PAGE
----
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So why aren’t there any Arabs in the Israel Philarmonic?

One out of every five people that live in Israeli is an Arab. Yet the same surely cannot be said of the 230 or more musicians and managers that work for the Israel Philharmonic Orchestra.

Not only are we talking basic lack of proportionality here, but I have even read claims that not one single person on the payroll is an Arab. I am unaware of any refutations or denials, although I am willing to be corrected on the point.

Supporters counter merely that the IPO is ‘open to’ Arab musicians. That might well be true, in the same sense that Eton is ‘open to’ council estate kids, or that the British National Party is ‘open to’ black recruits. Even Rangers sign Catholics these days.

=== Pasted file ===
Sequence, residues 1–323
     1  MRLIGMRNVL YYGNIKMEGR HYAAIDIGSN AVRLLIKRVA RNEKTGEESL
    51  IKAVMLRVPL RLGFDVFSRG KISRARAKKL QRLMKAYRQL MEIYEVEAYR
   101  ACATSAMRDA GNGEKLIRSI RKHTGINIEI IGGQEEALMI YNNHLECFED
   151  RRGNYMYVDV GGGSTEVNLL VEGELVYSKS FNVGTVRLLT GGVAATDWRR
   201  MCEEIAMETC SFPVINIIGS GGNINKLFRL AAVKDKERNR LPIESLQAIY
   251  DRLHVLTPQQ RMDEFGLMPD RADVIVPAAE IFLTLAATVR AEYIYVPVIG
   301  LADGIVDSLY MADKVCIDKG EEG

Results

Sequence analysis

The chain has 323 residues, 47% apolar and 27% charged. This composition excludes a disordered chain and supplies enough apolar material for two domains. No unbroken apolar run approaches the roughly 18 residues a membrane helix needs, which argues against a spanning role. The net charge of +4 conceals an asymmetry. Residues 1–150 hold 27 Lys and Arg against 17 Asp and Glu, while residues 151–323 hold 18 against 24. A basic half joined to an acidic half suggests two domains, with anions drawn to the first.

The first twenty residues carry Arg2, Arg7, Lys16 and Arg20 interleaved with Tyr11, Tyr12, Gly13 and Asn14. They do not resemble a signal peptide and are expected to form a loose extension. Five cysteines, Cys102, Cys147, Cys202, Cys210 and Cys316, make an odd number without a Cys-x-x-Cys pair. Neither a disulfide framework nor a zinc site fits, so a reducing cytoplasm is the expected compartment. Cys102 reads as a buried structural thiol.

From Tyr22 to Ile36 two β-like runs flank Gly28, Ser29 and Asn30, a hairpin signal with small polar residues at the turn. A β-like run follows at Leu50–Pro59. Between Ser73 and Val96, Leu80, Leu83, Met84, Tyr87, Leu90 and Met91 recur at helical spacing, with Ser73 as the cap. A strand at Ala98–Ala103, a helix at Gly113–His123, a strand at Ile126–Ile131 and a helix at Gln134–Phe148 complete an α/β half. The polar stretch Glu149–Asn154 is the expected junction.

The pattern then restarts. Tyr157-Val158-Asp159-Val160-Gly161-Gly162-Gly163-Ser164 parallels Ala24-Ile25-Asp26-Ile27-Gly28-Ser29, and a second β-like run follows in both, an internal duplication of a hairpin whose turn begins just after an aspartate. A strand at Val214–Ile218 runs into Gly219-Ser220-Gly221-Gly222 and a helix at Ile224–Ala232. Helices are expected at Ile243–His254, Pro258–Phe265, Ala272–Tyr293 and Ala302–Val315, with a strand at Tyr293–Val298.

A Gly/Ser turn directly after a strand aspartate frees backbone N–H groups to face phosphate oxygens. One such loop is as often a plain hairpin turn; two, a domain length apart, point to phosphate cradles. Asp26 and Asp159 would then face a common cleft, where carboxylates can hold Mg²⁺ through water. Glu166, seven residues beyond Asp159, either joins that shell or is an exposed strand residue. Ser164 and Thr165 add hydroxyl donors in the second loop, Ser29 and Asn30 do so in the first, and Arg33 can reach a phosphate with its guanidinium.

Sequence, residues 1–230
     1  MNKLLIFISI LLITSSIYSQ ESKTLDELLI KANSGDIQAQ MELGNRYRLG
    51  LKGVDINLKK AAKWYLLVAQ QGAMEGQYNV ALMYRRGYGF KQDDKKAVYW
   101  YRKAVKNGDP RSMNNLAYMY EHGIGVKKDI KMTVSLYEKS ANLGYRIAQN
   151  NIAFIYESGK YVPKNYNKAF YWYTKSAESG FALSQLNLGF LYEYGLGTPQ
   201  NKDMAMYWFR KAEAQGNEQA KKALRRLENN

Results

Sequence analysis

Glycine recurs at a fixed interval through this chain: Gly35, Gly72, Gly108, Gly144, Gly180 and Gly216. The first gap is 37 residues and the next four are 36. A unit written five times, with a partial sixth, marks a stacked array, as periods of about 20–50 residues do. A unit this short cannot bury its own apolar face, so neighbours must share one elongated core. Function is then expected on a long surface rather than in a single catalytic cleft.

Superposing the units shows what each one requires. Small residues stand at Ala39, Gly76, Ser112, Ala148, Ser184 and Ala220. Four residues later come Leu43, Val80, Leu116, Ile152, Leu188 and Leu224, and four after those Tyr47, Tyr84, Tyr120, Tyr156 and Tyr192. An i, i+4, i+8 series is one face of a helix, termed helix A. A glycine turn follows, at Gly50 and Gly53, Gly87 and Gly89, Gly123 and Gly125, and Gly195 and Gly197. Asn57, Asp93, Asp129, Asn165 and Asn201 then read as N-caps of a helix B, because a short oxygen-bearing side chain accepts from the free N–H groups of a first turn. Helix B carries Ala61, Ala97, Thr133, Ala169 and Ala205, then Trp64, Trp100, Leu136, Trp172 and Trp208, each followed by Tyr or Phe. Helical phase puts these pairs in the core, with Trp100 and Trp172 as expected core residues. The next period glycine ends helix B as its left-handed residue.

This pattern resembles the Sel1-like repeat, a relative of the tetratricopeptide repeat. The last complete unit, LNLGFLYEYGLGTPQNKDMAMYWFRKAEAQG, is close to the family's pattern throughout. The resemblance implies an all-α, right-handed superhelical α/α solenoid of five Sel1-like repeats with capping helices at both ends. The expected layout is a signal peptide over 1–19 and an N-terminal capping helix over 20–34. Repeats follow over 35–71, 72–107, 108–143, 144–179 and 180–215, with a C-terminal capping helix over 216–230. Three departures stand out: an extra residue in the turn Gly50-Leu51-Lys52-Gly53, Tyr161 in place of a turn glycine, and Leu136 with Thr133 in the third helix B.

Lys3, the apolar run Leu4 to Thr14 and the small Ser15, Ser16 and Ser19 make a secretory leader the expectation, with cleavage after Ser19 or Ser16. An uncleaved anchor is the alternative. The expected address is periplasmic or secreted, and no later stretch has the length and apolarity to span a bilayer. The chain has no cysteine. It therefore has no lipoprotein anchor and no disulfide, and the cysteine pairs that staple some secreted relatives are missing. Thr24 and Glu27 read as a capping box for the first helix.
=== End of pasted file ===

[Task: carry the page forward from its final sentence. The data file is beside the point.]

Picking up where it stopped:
But in the circumstances, it hardly seems enough. At the very least, a de facto policy of racial segregation stands as a rebuke to the orchestra as an institution.

While I am critical of those who refer to Israel as an ‘apartheid state’, the IPO can fairly be branded an apartheid orchestra. Saying that, a South African colleague informs me that the Cape Town Symphony was accepting blacks by the 1980s.

I do not normally endorse those who disrupt artistic performances for whatever end. But I do have a question for those who have been quick to condemn the actions of Palestine Solidarity Campaign activists at the Proms last night; if the Hallé for some reason was refusing to recruit from the Jewish community of Manchester, wouldn’t they be tempted to adopt a similar tactics? And wouldn’t they be right to do so?

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